Friday, October 29, 2004


Shadows of 1988

How much of the “w” Bush presidency is about fighting his father’s “wimp factor”?

It’s gotten lost in more pressing issues of the presidential race, but now and then during the “w” Bush presidency we’ve heard about the obsession of Bush and his advisors not to repeat Bush Sr.’s political mistakes leading to his one-term presidency.

You may remember in during the Republican presidential primaries for the 1988 election, Newsweek did cover story profiling George H. W. Bush entitled “The Wimp Factor.”

It was silly to pin the wimp thing on Bush, which seems premised on a totally misguided view of what makes a good president. Bush’s problem was not lack of macho, but rather that he seems to have been a man of very ordinary abilities with no strong principles or moral vision, who worked his way up through elite connections. Still, Bush Sr could never completely shake off the “wimp” image, notwithstanding Desert Storm.

George w Bush should, by all rights, be seen as a far lesser man than even his father. But his handlers, no doubt painfully aware of the genetic wimp factor, have painstakingly cultivated a persona for their guy of a tough Texan cowboy sort. It has been a classic Hollywood mock-up of an effort, right down to building him a ranch completed just after the 2000 election. The man is not a rancher. I wouldn’t be surprised if even “w”’s thick Texas drawl, which contributes immeasurably to this image, is exaggerated – Jeb doesn’t have one anything like it.

The more interesting and important issue, though, is a Bush “Iraq complex.” In February 1991, at the successful conclusion of Operation Desert Storm, “Poppy” Bush had an 89% approval rating, and looked like a shoe-in for re-election. Yet his popularity rapidly dissipated, and Bush was defeated in his 1992 re-election bid, winning only 37% of the popular vote in the three-way race.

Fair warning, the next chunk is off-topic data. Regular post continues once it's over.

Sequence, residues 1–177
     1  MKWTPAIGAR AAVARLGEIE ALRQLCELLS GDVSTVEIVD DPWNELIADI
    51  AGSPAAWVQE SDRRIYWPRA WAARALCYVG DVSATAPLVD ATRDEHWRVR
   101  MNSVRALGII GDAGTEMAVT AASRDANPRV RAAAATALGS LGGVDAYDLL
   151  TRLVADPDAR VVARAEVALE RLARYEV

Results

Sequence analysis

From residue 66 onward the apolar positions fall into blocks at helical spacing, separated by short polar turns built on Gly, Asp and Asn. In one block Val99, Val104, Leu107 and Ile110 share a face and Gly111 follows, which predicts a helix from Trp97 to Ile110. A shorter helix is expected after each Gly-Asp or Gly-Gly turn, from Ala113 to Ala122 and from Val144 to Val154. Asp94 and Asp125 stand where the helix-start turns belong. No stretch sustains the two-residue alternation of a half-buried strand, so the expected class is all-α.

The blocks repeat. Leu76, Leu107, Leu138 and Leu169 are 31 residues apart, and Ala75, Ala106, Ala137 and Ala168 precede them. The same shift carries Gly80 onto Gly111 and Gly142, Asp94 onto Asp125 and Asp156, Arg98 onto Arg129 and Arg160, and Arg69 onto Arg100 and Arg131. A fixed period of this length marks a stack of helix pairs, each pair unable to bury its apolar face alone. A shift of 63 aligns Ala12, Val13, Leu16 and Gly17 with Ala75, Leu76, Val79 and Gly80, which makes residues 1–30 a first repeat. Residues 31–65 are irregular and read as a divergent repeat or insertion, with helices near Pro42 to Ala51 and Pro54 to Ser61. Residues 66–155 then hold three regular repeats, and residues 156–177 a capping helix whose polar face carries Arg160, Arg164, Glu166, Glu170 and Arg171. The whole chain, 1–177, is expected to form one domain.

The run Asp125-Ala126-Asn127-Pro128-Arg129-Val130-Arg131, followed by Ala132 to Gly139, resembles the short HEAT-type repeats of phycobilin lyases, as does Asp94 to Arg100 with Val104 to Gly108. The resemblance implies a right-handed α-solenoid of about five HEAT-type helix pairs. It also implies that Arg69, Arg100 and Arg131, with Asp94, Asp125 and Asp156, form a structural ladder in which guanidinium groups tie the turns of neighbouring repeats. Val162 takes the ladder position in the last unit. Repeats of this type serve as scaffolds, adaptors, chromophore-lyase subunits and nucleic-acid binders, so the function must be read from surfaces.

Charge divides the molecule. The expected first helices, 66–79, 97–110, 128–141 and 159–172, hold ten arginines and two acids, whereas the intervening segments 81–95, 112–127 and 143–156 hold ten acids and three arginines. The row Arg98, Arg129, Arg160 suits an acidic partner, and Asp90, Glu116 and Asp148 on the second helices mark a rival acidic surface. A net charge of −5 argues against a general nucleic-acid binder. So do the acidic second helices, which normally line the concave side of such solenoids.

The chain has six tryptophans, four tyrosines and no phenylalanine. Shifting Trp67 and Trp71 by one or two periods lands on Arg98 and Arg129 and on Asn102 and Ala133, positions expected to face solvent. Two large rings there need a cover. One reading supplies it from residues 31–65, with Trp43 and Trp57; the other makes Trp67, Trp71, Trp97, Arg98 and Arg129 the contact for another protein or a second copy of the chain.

It’s scary to think what “w” and Karl Rove and other top Republican strategists made of Bush Sr.’s defeat. I like to think that the American people could see through the hype of a successful military campaign against a third world dictator to the fact that Bush Sr. was just not that good a president. But for the Republicans, perhaps the lesson was a variant on the “catastrophic success” theme: if we win too fast, the public will forget us by election time.

I’m not suggesting that the Bush administration intentionally got bogged down in Iraq knowing it would become a quagmire. But I am suggesting that they decided to destroy the Saddam Hussein regime and occupy the country in order to avoid the "mistake" of Bush Sr., in letting his great triumph be forgotten by election time. The w Bush administration believed that reconstructing Iraq would extend the “success” of Iraq to this current election, and promote w’s re-election chances.

The fact that the Bush administration believed their own wishful thinking about reconstruction in Iraq is by now well known, but the point is they really did believe they’d be just starting to pull the troops out of a fully democratized and stable Iraq by about now, and making it the centerpiece of the re-election campaign. Again, these are people who will politicize absolutely anything – including the decision to invade a country.

Comments: Post a Comment

Subscribe to Post Comments [Atom]

<< Home

This page is powered by Blogger. Isn't yours?

Subscribe to Posts [Atom]